Four-star receiver Tarik Black commits to Michigan

Angelique S. Chengelis
The Detroit News


Tarik Black

Lose one, gain one.

Michigan added four-star receiver Tarik Black on Wednesday afternoon, hours after four-star running back A.J. Dillon announced he would be flipping his commitment from Michigan to Boston College.

Black, a 6-foot-4, 208-pounder from Cheshire, Conn., had originally planned to reveal his decision at the U.S. Army All-American Bowl, but opted to announce at his school.

After a lengthy delay as the school tried to get the video equipment working to air Black's commitment video, he revealed he has chosen Michigan, although several programs, including Auburn and Alabama were in the mix.  Michigan coach Jim Harbaugh visited Black last week.

The Wolverines now have 21 commitments for the 2017 class.

It could potentially be monstrous few days for Michigan recruiting.

Top in-state recruit Donovan Peoples-Jones, the five-star recruit from Cass Tech, will announce where he plans to attend around 8:30 p.m. Thursday on ESPN2, while top-ranked offensive lineman Isaiah Wilson (6-7, 350), who originally planned to announce on Christmas, will reveal his decision Friday. Cesar Ruiz (6-3, 315), the No. 1-rated center from IMG Academy, plans to announce Monday. Michigan is very much in the running for all of them.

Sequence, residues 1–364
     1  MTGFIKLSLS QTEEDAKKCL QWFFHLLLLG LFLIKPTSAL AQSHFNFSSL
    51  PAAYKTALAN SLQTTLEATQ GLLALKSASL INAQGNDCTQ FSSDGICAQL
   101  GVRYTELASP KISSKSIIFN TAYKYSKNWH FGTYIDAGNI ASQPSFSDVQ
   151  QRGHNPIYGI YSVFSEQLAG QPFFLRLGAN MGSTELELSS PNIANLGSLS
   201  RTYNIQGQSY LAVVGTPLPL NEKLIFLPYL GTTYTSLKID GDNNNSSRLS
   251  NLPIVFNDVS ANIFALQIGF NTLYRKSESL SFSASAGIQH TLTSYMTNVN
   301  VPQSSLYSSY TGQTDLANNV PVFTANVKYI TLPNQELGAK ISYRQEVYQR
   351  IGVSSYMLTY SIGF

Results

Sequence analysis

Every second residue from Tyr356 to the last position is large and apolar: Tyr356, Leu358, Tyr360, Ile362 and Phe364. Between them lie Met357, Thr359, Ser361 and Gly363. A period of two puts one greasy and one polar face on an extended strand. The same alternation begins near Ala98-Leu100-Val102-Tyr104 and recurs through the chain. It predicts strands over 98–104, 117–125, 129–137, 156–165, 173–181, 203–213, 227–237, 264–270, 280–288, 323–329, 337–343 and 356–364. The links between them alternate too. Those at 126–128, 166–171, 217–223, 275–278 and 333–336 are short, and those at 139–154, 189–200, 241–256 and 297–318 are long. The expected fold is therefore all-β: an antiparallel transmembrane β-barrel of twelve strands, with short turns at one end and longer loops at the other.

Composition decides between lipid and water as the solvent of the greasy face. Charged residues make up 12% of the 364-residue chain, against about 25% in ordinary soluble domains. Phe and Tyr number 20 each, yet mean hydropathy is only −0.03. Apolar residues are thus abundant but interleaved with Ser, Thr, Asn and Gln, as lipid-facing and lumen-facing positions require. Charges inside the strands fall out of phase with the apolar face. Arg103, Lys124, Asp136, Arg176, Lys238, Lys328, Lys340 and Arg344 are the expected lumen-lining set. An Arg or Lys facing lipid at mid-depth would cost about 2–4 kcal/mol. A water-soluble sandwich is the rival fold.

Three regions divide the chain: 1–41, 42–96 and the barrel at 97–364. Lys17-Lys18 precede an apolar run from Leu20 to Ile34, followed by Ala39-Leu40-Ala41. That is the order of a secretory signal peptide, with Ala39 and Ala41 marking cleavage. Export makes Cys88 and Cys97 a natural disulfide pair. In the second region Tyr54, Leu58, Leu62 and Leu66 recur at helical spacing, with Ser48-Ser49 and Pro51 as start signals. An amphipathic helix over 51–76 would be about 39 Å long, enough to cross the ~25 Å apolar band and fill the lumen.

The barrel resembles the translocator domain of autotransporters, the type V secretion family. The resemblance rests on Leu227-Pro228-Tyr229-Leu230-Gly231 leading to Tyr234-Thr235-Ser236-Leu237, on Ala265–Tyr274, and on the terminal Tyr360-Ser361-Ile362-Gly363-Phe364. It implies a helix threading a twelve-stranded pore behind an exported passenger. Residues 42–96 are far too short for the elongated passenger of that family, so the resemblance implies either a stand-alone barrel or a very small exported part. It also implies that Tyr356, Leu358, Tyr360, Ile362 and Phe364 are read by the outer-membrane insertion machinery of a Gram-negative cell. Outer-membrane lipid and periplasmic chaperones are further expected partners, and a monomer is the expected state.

But Michigan did lose out on Dillon, a four-star from Massachusetts, who announced via Twitter on Wednesday that while he loves Michigan, being closer to home at Boston College is the better fit.

“Not everyone is going to understand or agree with my decision, I did what’s best for me,” Dillon wrote.

Dillon made an official visit to Ann Arbor last weekend, as did No. 1 running back Najee Harris.

In a lengthy statement, Dillon praised Michigan and said the program has “something very special being put together.”  He indicated being closer to home would be best for him.

“I’ll be watching when you win the next few national championships,” he wrote to the Michigan coaches, players and recruits with whom he had grown close. “I have nothing bad to say about the University of Michigan, Go Blue.”